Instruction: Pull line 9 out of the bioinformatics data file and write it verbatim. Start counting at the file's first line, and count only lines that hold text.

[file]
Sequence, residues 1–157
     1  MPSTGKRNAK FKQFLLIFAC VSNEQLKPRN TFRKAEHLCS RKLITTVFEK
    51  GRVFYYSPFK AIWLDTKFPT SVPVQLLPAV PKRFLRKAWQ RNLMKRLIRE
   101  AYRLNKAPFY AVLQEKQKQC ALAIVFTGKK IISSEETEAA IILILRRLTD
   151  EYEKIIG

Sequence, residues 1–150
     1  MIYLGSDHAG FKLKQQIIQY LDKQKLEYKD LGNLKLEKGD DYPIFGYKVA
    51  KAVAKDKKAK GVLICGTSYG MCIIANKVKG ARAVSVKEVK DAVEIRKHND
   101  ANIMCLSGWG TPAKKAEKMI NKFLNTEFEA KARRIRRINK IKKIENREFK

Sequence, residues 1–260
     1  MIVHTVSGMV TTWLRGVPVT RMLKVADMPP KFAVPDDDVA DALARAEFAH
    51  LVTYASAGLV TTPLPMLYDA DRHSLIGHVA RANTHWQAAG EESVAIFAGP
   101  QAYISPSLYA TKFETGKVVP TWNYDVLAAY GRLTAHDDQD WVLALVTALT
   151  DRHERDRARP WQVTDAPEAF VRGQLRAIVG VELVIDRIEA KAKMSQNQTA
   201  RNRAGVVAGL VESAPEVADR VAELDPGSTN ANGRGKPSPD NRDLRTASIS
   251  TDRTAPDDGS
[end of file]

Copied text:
   101  ANIMCLSGWG TPAKKAEKMI NKFLNTEFEA KARRIRRINK IKKIENREFK